Shawn Randazzo has helped popularize Detroit pizza in other American cities by being a consultant to chefs who attempt to recreate this deep dish variation. From Las Vegas to Brooklyn, people are beginning to recognize and to crave the Motor City Square. Randazzo’s home base in the Detroit area is an inconspicuous take-out window in the suburb of Royal Oak: Palazzo Di Pizza.
The pizza, baked to order, takes about twenty-five minutes. You can call ahead or spend the time learning about Detroit-style pizza from the friendly counter staff. They’ll tell you that it is a thick, square relative of the East Coast Sicilian pan slice. There is enough cheese to enhance the toppings, and there is plenty of zesty sauce. Palazzo’s crust is rich without being greasy, and remains soft throughout. We think of it as a halfway point between the New York pan and the Chicago deep dish.
The greatest pleasure of Palazzo’s Detroit pizza is its brown ring of cheese baked onto the top of the outside crust, making that last bite of each slice a reward rather than merely an edible handle. Knowing that the corner pieces are the best part, Palazzo Di Pizza doesn’t bake large pies. Instead, they simply bake two small pies and call it a large, making every single slice a corner piece.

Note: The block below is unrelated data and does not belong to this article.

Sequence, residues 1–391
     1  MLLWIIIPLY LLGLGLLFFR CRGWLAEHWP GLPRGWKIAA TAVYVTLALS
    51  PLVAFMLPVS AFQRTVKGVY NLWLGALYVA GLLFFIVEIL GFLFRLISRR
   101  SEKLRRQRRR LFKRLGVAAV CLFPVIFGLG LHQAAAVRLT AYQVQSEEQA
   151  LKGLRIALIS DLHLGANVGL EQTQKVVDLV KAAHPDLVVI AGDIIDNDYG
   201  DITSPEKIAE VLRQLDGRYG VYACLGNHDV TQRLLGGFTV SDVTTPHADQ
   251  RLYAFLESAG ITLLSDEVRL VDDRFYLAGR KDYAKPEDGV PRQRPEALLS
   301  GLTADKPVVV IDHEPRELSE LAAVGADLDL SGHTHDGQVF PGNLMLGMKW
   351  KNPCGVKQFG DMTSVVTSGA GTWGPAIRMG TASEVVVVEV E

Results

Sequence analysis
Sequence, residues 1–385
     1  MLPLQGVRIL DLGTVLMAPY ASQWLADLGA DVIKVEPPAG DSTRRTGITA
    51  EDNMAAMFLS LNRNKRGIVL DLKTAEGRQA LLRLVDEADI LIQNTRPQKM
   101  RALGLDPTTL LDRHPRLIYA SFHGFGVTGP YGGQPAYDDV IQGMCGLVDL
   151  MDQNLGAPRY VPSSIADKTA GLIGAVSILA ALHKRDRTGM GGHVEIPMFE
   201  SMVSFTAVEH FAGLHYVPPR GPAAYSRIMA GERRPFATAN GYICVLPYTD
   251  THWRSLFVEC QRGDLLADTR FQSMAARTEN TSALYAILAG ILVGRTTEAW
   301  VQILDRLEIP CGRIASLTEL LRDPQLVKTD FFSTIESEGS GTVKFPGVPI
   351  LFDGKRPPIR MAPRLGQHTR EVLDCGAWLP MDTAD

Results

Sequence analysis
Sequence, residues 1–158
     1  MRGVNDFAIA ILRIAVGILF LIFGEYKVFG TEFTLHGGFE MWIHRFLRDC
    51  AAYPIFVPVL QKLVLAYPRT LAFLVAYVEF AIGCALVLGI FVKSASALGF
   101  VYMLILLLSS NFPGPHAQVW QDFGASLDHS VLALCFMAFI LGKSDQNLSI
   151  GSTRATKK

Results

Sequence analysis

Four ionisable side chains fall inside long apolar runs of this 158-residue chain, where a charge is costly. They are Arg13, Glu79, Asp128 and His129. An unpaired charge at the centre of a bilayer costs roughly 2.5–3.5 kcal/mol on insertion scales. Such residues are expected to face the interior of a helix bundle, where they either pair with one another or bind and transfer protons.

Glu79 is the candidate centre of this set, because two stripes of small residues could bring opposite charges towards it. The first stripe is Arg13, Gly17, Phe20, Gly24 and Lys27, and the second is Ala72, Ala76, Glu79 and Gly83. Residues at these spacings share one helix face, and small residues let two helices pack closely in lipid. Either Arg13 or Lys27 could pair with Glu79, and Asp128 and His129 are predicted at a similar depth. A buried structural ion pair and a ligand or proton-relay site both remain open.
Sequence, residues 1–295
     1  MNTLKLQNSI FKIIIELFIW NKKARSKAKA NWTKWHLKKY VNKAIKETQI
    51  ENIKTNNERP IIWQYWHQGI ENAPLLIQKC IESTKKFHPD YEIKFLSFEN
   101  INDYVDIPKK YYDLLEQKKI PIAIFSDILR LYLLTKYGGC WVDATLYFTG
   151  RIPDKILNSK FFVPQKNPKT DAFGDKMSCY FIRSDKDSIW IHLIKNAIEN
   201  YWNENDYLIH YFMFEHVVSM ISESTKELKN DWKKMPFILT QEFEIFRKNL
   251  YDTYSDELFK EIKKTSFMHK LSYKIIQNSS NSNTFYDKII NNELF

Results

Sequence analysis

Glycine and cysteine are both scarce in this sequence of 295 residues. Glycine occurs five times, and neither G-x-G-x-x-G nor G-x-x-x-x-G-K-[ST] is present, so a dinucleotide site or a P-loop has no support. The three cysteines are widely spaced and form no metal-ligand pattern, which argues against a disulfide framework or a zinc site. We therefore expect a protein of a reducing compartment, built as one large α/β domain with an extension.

The menu includes classic pan pizza classic toppings, kooky California-style fusion, and Italian tradition. A double pepperoni puts pepperoni under the cheese — a Detroit tradition — and also places thicker, smaller “cup” pepperoni on top, yielding two different textures of pepperoni in every bite. The Margherita pizza isn’t much like the Neapolitan original, but is a Detroit-style pie with a slice of fresh tomato and fresh mozzarella atop a blanket of whole-milk mozzarella on the crust.
The pair of pies we ordered are a duo we’d get again, the freshness of a Margherita good balance for oilier pepperoni.